La Resistencia

Eclectica Records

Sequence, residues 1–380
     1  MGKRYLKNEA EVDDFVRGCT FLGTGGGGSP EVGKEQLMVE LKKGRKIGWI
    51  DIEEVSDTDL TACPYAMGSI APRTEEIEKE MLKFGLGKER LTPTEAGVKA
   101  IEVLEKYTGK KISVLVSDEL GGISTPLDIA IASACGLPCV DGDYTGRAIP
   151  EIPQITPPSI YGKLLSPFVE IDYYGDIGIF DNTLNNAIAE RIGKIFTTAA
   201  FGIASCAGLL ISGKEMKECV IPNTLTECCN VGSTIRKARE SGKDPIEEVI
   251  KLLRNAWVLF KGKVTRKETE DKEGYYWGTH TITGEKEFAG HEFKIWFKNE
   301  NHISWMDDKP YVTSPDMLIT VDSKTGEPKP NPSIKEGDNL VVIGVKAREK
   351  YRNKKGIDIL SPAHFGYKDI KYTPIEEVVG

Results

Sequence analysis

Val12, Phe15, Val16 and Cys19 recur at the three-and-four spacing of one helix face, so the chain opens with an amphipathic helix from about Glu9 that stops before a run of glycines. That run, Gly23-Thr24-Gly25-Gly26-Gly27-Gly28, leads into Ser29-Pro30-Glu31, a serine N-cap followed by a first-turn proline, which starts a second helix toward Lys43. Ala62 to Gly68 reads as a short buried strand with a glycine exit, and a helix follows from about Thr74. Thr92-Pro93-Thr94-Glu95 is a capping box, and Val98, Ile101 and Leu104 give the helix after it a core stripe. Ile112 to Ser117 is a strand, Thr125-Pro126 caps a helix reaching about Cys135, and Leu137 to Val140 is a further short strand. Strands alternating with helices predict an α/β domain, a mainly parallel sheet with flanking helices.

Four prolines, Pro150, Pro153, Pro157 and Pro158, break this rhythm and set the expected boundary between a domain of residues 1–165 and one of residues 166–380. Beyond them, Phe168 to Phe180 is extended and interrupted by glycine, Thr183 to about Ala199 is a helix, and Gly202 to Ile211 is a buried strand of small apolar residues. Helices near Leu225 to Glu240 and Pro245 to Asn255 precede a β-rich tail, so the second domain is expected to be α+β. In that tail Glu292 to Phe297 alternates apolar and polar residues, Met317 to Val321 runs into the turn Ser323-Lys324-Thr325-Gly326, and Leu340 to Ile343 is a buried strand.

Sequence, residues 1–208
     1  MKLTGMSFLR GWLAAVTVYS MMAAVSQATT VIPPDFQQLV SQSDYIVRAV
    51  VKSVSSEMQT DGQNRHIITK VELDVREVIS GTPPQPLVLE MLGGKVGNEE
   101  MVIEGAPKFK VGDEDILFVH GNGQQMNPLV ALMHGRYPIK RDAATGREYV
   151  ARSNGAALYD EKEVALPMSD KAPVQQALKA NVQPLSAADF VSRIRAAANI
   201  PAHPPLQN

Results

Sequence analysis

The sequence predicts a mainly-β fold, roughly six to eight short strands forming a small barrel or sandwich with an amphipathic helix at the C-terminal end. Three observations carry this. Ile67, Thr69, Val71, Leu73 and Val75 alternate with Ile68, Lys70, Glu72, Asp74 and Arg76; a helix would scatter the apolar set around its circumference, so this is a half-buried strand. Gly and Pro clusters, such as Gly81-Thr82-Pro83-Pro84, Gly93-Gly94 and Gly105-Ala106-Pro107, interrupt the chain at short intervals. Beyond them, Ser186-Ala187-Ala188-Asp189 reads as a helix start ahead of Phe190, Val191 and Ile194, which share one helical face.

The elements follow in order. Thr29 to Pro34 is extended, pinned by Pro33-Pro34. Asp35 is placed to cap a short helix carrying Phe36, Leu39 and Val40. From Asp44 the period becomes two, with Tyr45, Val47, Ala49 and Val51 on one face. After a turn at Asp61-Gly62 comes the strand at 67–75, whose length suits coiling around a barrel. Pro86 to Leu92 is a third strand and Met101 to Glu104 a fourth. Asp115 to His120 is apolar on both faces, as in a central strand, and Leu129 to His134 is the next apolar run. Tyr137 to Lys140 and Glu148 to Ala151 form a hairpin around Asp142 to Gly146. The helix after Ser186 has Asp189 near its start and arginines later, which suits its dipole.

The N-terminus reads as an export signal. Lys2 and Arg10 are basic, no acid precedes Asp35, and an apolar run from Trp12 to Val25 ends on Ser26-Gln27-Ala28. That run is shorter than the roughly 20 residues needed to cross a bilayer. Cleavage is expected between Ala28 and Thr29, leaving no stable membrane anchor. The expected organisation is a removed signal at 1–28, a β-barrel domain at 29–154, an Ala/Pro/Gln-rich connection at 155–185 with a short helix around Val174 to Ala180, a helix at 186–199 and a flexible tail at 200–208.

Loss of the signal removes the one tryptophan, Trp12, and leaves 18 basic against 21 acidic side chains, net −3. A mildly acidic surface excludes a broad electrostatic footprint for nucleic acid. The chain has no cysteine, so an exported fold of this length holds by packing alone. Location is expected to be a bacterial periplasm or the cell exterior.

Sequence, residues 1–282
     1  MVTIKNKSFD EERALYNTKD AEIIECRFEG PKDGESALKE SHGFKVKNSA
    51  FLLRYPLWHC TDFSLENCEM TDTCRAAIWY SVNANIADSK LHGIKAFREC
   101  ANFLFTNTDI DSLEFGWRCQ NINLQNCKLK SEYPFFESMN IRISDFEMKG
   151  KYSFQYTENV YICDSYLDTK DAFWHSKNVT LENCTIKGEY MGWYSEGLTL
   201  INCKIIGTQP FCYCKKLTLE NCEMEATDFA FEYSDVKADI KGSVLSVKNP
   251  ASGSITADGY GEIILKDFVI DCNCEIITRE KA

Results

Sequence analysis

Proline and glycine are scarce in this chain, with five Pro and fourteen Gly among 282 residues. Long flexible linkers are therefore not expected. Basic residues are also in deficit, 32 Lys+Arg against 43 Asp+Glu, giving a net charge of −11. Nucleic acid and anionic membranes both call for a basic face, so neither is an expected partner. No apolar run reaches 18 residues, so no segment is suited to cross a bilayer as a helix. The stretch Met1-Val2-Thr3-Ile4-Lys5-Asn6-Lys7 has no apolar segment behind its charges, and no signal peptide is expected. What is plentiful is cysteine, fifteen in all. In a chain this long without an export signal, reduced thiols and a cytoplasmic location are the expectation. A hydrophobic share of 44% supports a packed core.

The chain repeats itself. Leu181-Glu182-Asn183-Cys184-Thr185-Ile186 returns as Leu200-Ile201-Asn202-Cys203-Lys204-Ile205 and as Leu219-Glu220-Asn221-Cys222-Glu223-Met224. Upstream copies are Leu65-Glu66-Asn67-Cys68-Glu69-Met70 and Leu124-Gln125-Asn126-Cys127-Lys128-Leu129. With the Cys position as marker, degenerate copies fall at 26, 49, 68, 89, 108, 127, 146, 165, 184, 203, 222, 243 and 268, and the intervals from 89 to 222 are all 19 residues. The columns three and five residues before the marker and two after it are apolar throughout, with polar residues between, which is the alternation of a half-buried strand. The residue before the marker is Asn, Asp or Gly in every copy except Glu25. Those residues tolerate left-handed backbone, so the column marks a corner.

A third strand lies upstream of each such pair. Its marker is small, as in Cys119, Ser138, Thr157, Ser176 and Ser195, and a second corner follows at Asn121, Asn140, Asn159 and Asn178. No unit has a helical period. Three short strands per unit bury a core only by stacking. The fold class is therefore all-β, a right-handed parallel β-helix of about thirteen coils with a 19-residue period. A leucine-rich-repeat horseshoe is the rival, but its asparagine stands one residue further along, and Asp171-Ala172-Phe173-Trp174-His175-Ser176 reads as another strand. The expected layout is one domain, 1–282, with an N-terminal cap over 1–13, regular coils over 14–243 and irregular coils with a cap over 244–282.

Eh-Pe, the debut of Los Angeles skankers La Resistencia, roars with the noise native to young Latinos exiled in the nether cities between Los Angeles and Orange County—chugging, ruthless, socially conscious punk-inflected ska that paints a life landscape as bleak as Cudahy. The nonet rumble through the EP's six songs, each an urgent musical manifesto pulsing with taunting call-and-response horns, scuzz-bucket drums, trembling cymbals, and churning wacka-wacka guitars that sometimes scream with distortion. Whether warning against the rapists among us (“Carlos el Violador”), decrying racism against Latinos in “Madre Patria” or wailing against a broken love, Eh-Pe's charges are so relentless you half-expect a mosh pit to spill from the speakers and give you a good kick in the head. The slower tracks seethe with joy: the Huggy Boy-smokes-ganja kickback jam “Domingo 7” is the “Get a Job” for our post-industrial age, its protagonist complaining about the need for money and a job in order to impress a girl. Such real-life difficulties become painfully real courtesy of lead singer Luís' pushy, mocking voice; he clips his yowls with the snap of a Chicano studies major. You'll find the most effective use of that style on “Odio,” by turns a violent, languid bass-driven rant against adults who ignore the kids around them. After listening to Eh-Pe, you won't know whether to pump your arms and dance or actually do something to save the world.

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